Policy & Accountability
How State Accountability Systems May Overlook Low Performers
- By Dian Schaffhauser
as education leaders are encouraged to look at the data to understand
which pockets of students need special kinds of support for their
learning, a new article
from a research organization have suggested that some "subgroups"
of students are too small to register on the radar, which means they
get passed over.
project described by the Regional
Educational Laboratory Program
set out to understand why some states had a disproportionate number
of middle schools with low-performing students with disabilities. In
one state, according to the project, middle schools accounted for
two-thirds of all schools targeted for improvement under the rules of
the Every Student Succeeds Act. As a result, those schools received
additional support from the state to help those subgroups improve.
But what about the same subgroups in elementary school or high
school? How come they weren't targeted for extra help too?
problem is tucked into the process states may use to identify the
"Targeted Support and Improvement" (TSI) schools. Each
state comes up with a plan for identifying those schools that
underperform through their accountability systems. Those systems
typically look at academic achievement, progress and graduation rates
within their schools, among other aspects. Each state sets a minimum
number of students that each school and subgroup must meet for each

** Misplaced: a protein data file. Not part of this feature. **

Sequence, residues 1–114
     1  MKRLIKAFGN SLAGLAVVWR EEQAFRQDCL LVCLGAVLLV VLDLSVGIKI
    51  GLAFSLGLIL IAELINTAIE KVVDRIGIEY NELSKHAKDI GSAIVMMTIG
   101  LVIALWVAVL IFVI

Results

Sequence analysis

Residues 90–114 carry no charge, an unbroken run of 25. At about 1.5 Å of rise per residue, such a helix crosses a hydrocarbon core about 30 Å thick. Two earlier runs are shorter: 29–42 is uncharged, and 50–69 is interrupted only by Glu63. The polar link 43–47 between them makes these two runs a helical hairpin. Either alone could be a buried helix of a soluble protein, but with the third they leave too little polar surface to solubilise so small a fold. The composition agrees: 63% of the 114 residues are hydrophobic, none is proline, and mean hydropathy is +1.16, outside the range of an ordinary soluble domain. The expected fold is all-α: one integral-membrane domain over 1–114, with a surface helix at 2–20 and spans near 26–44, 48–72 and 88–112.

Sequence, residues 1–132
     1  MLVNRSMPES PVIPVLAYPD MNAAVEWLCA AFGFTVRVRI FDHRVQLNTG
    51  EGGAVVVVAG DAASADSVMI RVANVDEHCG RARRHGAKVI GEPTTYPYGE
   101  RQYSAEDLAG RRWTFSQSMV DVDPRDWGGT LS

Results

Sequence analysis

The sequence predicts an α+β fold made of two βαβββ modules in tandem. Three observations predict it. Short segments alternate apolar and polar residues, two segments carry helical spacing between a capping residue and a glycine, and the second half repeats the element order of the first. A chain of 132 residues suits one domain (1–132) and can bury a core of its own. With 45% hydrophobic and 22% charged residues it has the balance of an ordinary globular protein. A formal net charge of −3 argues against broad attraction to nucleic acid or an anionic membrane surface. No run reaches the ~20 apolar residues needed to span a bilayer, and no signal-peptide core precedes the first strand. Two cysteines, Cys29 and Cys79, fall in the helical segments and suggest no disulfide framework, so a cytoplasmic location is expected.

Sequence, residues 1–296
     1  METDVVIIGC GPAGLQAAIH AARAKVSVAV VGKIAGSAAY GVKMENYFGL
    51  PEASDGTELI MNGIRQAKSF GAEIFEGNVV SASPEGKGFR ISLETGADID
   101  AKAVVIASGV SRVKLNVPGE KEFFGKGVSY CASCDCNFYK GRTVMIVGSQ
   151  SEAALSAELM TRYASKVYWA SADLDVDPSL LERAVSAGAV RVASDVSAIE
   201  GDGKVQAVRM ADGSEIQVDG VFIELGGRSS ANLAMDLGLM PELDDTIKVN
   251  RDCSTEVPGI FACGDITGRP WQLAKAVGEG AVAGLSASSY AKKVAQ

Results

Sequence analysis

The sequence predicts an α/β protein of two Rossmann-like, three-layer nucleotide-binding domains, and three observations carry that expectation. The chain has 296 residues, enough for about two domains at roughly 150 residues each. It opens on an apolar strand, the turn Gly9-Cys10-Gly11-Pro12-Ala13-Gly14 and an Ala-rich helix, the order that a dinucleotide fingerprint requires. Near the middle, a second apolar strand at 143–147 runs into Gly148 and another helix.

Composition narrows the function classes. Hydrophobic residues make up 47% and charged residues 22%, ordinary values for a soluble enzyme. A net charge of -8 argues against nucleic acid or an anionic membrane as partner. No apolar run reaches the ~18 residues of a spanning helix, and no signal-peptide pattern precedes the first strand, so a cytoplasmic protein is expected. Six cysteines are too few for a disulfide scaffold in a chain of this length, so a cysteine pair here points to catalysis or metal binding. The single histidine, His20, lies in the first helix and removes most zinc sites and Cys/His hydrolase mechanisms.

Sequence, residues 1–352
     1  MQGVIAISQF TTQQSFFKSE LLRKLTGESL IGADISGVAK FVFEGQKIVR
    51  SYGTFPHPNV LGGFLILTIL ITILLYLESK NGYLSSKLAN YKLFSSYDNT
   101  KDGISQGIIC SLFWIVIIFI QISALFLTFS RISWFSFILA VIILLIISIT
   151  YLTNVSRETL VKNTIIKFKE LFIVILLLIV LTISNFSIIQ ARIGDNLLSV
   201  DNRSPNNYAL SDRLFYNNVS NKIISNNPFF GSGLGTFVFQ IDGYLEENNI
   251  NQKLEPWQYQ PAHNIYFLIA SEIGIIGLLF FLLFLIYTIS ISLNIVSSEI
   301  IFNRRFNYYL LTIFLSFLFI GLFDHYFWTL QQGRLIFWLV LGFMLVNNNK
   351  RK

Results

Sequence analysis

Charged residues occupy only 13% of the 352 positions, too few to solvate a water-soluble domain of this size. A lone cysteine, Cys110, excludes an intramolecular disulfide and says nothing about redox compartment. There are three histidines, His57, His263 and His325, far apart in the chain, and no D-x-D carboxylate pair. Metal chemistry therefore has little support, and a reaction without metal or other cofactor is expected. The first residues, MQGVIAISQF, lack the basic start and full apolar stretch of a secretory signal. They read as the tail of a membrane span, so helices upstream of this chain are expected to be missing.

performance element before that element is included in the overall
accountability score. Schools are tagged for TSI when their subgroup
accountability scores are low compared to the overall student
population in the state.
study found that those middle schoolers with disabilities didn't
perform "substantially and consistently worse" than the
ones in lower or upper grades. However, the schools they attended
were "much more likely" to have a sufficient number of
students with disabilities taking the state exams to meet state-set
minimum thresholds. That meant the subgroups' proficient rates
counted more often toward those schools' accountability scores.
researchers concluded that the sample sizes in elementary and high
schools were just too small, thereby masking poor performance.
article and infographic offered two ways states can overcome this
update their accountability systems so schools "are only
compared with other schools that meet minimum sample size
requirements for the same performance dimensions"; and
incorporate statistical techniques to make the accountability scores
or small sample sizes more precise.
coverage of the project is openly available as a blog
on the REL Mid-Atlantic website.
Dian Schaffhauser is a former senior contributing editor for 1105 Media's education publications THE Journal, Campus Technology and Spaces4Learning.